When folks find out that I describe myself as a Catholic who is also an anarchist, they often ask me “what about Romans 13” in which Paul encourages his hearers to “submit” to civil authorities. I’m often tempted to respond, with Brian Walsh, “to hell with Romans 13!”
Our new contributor, David, is a scholar of Pauline literature so he is certainly more qualified than I am to comment on this often-cited chapter of Romans. But I was struck recently at what the Compendium of the Social Doctrine of the Church says about it, and how it places that passage next to chapter 17 or the book of Revelation. Here’s an excerpt:
The Apostle certainly does not intend to legitimize every authority so much as to help Christians to “take thought for what is noble in the sight of all” (Rom 12:17), including their relations with the authorities, insofar as the authorities are at the service of God for the good of the person….…
When human authority goes beyond the limits willed by God, it makes itself a deity and demands absolute submission; it becomes the Beast of the Apocalypse, an image of the power of the imperial persecutor “drunk with the blood of the saints and the blood of the martyrs of Jesus” (Rev 17:6). The Beast is served by the “false prophet” (Rev 19:20), who, with beguiling signs, induces people to adore it. This vision is a prophetic indication of the snares used by Satan to rule men, stealing his way into their spirit with lies. But Christ is the Victorious Lamb who, down the course of human history, overcomes every power that would make it absolute. Before such a power, Saint John suggests the resistance of the martyrs; in this way, believers bear witness that corrupt and satanic power is defeated, because it no longer has any authority over them.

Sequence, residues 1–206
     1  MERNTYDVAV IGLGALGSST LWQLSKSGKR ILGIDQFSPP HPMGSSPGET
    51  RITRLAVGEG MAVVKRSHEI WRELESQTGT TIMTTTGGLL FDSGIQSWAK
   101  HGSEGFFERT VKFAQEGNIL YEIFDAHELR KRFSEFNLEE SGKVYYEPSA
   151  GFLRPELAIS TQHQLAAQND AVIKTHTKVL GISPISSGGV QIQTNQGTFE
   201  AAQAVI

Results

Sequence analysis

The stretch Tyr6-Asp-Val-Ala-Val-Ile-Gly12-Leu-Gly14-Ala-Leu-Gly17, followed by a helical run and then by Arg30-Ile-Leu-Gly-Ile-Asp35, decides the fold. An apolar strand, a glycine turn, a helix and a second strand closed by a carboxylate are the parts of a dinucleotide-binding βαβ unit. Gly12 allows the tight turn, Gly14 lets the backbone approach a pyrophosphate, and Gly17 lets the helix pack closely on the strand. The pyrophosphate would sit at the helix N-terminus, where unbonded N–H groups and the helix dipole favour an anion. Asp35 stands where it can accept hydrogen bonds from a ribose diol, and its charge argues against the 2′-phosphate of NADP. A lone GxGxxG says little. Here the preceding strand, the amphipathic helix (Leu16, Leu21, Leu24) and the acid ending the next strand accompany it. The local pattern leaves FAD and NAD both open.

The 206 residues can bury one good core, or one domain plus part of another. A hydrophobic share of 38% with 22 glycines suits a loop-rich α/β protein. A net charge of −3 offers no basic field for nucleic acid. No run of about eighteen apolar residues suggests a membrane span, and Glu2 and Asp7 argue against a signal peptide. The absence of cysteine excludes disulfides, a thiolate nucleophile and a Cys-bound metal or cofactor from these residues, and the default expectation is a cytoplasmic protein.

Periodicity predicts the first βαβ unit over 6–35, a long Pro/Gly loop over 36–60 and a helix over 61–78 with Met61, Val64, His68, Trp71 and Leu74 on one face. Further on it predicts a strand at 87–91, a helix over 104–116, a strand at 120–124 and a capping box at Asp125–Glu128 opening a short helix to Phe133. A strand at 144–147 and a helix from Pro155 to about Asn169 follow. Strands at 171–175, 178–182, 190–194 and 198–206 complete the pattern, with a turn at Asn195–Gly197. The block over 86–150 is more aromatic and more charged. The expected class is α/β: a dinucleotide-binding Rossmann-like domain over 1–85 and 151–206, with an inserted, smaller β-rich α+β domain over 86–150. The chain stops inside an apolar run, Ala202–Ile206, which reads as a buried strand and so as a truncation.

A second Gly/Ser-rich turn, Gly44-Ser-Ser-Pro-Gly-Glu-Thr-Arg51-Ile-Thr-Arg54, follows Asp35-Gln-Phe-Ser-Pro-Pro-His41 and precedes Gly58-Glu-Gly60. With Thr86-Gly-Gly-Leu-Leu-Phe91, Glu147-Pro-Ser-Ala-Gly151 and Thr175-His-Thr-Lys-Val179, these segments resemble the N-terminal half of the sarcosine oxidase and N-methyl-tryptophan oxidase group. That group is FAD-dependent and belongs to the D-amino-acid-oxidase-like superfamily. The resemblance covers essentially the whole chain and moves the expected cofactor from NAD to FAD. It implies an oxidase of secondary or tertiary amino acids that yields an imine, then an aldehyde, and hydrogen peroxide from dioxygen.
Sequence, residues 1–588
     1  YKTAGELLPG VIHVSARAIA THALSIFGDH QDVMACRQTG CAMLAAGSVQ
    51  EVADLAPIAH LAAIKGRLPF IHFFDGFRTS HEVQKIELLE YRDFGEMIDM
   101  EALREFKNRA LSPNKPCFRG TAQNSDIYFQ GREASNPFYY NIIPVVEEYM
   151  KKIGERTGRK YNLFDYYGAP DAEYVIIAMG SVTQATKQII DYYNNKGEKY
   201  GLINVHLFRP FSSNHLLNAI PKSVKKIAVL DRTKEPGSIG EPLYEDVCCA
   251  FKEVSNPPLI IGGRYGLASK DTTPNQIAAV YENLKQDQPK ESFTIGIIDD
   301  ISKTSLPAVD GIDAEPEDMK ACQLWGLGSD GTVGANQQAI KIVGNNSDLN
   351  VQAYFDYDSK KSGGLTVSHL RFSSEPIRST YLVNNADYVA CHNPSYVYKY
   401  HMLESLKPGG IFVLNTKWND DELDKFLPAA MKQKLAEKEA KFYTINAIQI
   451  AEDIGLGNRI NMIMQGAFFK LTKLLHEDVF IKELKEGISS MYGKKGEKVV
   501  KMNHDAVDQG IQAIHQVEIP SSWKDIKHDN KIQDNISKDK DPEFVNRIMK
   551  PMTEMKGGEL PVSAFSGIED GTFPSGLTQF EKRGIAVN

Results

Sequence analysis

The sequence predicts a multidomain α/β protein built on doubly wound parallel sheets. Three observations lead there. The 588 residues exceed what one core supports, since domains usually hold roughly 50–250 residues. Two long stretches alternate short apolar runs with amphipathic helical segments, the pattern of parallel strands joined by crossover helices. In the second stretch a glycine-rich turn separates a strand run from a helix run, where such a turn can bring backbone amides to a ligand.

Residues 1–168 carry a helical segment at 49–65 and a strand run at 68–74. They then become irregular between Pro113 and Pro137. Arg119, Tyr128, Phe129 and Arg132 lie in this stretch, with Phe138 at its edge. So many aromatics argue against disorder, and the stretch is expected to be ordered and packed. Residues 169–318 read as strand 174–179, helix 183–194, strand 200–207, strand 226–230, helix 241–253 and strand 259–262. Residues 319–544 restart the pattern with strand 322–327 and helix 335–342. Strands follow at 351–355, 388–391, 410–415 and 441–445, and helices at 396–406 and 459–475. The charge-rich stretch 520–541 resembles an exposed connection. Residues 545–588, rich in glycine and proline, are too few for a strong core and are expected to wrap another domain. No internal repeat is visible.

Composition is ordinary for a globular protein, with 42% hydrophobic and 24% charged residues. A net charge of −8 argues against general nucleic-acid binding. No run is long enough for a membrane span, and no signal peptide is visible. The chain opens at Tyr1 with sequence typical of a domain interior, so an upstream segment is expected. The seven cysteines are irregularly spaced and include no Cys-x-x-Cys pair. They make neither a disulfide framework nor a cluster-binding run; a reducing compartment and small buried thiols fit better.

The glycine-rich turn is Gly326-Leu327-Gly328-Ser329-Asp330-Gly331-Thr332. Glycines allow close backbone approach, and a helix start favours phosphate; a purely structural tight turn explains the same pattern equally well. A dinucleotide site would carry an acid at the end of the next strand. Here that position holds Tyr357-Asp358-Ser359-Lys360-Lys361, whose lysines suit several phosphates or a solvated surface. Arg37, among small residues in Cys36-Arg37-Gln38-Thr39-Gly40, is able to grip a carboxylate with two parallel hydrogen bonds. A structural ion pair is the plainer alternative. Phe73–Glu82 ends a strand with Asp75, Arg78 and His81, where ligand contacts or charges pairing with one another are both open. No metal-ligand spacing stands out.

(Compendium, nos. 380, 382. Emphasis in original.)